Mortuaries have been put under unprecedented pressure following a rise in the number of deaths.
Analysis of RIP.ie carried out by the Irish Examiner found there were more than 9,700 death notices published between December 1st and January 25th.
That is up 20 per cent compared to the same time last year.
The rise has resulted in capacity issues at Cork City Morgue, with bodies having to be stored in hospitals overnight.
The figure of 9,700 is also considerably higher than the 8,135 death notices published in the same period to January 25th, 2021, when the country was in the grip of the worst period of the Covid pandemic.
Pre-pandemic, 6,802 death notices were published in the eight weeks to January 25th, 2019, almost 3,000 fewer than in recent weeks.
“Between the 19th of December and the 3rd of January, over 100 deaths were reported to my office,” Philip Comyn, coroner for Cork city.
This is the most ever reported for this length of time, surpassing even the busiest period during the Covid-19 pandemic.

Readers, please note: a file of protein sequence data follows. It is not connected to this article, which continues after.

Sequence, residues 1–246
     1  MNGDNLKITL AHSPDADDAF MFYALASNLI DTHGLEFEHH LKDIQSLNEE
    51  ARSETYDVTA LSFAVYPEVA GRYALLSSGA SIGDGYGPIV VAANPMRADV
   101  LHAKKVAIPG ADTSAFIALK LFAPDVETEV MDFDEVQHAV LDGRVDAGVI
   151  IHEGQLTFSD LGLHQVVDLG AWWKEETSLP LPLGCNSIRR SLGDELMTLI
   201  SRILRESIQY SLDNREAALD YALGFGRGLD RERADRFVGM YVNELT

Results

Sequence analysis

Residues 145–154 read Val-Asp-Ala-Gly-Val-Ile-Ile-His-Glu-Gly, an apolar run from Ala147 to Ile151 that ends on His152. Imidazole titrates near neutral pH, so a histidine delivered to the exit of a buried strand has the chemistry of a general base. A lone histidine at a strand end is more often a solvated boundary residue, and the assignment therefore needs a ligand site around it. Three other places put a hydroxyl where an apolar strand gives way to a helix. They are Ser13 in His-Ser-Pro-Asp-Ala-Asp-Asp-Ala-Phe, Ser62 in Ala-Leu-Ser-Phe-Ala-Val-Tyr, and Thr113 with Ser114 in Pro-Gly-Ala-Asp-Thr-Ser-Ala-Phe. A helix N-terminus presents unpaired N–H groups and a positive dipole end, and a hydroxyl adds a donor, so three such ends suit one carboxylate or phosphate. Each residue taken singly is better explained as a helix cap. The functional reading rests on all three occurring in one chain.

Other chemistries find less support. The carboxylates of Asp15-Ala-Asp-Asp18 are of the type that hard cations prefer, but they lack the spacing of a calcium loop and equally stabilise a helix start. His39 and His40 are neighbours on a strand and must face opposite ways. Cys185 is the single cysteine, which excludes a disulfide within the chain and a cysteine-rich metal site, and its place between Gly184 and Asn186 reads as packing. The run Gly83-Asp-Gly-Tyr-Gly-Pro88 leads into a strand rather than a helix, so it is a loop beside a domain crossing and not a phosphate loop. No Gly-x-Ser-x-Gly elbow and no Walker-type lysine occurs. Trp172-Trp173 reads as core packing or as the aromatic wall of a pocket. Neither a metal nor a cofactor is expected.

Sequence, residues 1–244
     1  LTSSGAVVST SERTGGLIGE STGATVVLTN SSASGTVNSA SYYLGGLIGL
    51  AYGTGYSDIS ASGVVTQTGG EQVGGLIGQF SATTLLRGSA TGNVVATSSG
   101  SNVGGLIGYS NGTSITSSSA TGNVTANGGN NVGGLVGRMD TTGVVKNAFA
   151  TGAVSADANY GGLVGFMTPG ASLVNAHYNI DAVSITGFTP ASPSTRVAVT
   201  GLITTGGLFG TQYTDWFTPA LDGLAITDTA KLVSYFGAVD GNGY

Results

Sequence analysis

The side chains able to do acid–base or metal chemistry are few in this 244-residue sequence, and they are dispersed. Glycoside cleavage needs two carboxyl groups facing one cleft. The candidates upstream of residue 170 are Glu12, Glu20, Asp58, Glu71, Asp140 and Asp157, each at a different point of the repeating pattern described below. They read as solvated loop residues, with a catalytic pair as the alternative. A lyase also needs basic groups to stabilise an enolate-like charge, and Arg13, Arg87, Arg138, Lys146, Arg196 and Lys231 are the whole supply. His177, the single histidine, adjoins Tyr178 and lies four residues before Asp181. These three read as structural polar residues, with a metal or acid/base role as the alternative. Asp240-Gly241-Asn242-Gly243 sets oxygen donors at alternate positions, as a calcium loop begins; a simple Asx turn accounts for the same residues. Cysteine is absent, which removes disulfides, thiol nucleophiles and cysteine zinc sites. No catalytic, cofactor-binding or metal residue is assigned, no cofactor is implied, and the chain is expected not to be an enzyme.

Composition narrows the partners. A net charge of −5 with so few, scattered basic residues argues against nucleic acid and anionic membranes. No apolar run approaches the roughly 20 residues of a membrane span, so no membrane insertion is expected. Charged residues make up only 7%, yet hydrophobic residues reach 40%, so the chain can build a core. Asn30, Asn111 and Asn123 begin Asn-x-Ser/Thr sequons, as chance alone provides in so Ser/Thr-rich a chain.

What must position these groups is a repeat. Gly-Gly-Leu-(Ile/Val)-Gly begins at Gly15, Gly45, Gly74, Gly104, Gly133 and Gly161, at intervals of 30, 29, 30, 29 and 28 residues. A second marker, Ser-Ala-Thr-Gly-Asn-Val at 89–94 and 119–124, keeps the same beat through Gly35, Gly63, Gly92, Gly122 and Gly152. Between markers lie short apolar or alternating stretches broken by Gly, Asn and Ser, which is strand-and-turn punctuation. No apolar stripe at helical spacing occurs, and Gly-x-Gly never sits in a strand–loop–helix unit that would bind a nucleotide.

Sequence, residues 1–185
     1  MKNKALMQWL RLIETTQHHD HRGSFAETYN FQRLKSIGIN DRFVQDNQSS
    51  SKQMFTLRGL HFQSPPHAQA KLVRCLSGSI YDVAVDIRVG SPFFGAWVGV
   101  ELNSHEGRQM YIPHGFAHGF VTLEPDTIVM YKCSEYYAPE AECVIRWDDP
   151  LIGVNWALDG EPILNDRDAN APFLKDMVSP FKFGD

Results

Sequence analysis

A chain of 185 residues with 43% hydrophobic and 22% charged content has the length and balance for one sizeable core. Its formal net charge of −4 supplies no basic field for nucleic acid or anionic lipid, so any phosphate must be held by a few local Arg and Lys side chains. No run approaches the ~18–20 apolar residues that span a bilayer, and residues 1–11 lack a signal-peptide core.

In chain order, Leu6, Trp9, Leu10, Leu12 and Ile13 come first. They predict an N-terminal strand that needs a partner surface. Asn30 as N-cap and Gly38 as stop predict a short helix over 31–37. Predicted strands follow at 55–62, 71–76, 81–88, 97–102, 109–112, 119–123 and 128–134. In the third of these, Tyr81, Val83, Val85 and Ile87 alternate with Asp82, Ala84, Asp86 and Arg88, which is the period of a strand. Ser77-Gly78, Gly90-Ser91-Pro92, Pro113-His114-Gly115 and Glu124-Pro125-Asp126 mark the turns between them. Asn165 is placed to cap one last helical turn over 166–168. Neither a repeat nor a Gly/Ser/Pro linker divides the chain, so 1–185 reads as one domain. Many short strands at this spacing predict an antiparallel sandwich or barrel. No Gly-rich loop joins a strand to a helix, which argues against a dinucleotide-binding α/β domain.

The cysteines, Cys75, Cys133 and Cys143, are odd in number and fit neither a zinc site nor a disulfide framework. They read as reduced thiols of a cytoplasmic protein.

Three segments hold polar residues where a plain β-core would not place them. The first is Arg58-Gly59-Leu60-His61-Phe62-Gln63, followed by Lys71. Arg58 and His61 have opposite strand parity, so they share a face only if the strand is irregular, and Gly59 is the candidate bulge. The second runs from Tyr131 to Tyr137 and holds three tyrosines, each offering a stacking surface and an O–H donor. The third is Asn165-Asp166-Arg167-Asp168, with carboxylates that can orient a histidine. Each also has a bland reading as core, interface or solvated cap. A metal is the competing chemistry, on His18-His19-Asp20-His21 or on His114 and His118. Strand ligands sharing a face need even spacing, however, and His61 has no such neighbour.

“The mortuary [at Cork University Hospital] had so many bodies it couldn’t take any more and the other Cork hospitals held onto their bodies overnight.”
Ivan Perry, of UCC School of Epidemiology and Public Health, said flu and other respiratory illnesses may be the reason for the alarming spike in deaths.
“It could also be that people are slightly more vulnerable post-Covid because there is a post-Covid elevated risk of heart disease for example, so that could be contributing to it as well.”
An analysis of RIP.ie shows there were 1,092 deaths in Cork alone from December 1st, 2022, to January 25th, 2023 — an increase of 16.4 per cent from a year earlier.
Death notices were at 1,007 in the December 2020 to January 2021 period, with numbers as low as 786 for the same period up to January 2019.